SO-CALLED local negotiating implies talks at local authority and not school level, Lord Nimmo Smith has told the Scottish Secondary Teachers'
Association in the first serious legal test of the post-McCrone national agreement.
The union has lost a Court of Session judicial review of the working time agreement in North Lanarkshire after one of the country's senior judges ruled that the authority's joint negotiating committee for teachers (JNCT) was perfectly justified in specifying arrangements for parents' nights and the timing of departmental meetings in all its 26 secondaries.
In a curious twist, the Educational Institute of Scotland gave evidence with the local authority on behalf of the JNCT.
Both the country's major union and local authority employers will now sleep easier after the defeat of the SSTA's challenge. "It's a victory for McCrone and professionalism. Had the union won, it would have led to chaotic practices in thousands of schools across Scotland which would have had to negotiate complex issues at school level," Michael O'Neill, director of education in North Lanarkshire, said.
In a written judgment, Lord Nimmo Smith argues that there is no point setting up 32 negotiating committees across Scotland if all they have to do is lay down procedures for negotiations in each school.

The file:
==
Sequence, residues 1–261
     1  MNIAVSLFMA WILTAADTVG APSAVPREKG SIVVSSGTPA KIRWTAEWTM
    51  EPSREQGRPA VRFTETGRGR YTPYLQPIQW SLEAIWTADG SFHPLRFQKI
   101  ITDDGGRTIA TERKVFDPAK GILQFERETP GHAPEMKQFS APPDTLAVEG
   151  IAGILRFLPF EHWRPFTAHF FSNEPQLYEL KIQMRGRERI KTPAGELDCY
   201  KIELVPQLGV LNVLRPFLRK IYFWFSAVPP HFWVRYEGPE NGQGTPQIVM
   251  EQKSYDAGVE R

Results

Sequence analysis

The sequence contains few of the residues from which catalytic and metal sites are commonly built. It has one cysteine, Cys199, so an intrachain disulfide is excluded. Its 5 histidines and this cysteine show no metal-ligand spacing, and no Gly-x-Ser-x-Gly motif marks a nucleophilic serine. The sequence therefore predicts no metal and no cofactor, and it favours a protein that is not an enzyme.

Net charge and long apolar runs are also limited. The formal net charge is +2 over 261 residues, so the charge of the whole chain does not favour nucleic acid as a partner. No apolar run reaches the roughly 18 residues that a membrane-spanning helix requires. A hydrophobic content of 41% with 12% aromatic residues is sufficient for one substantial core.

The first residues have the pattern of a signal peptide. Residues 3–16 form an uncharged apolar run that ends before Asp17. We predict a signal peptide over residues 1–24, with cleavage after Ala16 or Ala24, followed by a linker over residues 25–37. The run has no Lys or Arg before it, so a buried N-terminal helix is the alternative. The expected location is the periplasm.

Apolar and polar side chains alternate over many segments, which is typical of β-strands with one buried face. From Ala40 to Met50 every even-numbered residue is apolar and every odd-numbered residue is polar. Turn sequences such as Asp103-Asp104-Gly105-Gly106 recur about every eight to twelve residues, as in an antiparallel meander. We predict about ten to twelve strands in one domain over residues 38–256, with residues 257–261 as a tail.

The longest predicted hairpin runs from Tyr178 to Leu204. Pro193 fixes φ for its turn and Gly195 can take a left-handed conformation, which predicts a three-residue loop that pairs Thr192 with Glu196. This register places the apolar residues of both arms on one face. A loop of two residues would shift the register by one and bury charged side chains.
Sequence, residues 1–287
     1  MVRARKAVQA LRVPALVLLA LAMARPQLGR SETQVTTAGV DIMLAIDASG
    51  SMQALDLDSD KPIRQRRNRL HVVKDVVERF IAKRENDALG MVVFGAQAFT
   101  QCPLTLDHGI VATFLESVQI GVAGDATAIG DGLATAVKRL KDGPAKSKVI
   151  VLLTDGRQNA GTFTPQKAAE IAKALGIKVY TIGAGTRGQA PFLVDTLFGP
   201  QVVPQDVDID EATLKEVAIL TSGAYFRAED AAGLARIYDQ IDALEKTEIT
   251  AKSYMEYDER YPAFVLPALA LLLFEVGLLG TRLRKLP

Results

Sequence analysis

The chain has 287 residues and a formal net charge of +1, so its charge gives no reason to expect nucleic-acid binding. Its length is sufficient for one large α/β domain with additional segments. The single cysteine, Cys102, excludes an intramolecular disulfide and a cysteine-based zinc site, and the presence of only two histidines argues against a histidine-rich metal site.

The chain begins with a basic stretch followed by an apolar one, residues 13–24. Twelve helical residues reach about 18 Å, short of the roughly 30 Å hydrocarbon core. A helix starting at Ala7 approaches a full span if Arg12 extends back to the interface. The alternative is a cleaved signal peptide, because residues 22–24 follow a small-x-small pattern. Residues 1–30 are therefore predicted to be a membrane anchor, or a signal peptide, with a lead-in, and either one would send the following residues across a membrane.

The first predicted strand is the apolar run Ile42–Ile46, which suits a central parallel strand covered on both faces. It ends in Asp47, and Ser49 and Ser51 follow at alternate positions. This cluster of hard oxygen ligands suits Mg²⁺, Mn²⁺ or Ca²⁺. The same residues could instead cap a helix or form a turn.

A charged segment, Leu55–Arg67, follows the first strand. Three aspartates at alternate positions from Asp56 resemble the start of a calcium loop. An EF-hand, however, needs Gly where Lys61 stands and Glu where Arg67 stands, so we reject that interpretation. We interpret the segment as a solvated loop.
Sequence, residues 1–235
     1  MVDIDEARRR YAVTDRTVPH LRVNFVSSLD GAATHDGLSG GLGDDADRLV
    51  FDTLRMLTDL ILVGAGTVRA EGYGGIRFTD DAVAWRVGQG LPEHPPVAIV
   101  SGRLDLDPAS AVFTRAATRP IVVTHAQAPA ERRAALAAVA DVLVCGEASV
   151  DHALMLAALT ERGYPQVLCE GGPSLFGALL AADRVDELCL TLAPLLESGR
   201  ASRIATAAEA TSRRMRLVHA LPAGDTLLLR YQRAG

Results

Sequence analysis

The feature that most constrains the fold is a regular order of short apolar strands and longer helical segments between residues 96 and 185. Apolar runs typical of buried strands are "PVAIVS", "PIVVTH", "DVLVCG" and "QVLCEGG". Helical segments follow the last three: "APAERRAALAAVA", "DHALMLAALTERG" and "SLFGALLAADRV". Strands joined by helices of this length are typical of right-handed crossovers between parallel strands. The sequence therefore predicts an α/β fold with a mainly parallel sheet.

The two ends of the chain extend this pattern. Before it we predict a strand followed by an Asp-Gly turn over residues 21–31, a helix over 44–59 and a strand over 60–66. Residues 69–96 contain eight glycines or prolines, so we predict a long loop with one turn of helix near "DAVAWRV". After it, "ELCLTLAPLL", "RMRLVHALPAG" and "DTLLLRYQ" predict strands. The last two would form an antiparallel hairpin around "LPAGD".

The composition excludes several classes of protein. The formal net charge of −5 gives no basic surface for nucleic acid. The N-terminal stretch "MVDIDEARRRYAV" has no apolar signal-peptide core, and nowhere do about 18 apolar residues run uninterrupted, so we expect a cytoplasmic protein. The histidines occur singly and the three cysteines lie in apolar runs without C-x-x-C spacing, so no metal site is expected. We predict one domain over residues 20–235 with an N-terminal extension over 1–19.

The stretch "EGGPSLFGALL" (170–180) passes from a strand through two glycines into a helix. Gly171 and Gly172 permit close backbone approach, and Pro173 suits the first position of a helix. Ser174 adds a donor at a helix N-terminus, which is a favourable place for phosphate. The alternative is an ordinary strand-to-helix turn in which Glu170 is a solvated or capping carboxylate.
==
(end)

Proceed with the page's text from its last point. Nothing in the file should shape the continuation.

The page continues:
"The word 'local' in this context must mean that the functions of a local negotiating committee are intended to extend to the whole of each education authority's area, 'local' being used in the same sense as in 'local authority'," he states.
The SSTA was unhappy about the agreement on departmental meetings - most of which are being held outside the school day - and challenged the authority of the JNCT, winning an interim interdict to stop the local negotiating committee from settling five remaining school disputes over the timings of meetings.
Mr O'Neill said the union has only 300 members out of 5,000 teachers in North Lanarkshire and was out of step with the deal that was approved in a teachers' ballot. Local research had shown that holding departmental meetings during the day was equivalent to losing 52 members of staff across the authority. Despite the change to the arrangements, staffing has been maintained.
Lord Nimmo Smith observes that one of the compromises reached in the JNCT was the balance of working time for individual teachers and the staffing levels in schools.
The SSTA is considering the judgment but points out that individual teachers could yet challenge aspects of local agreements.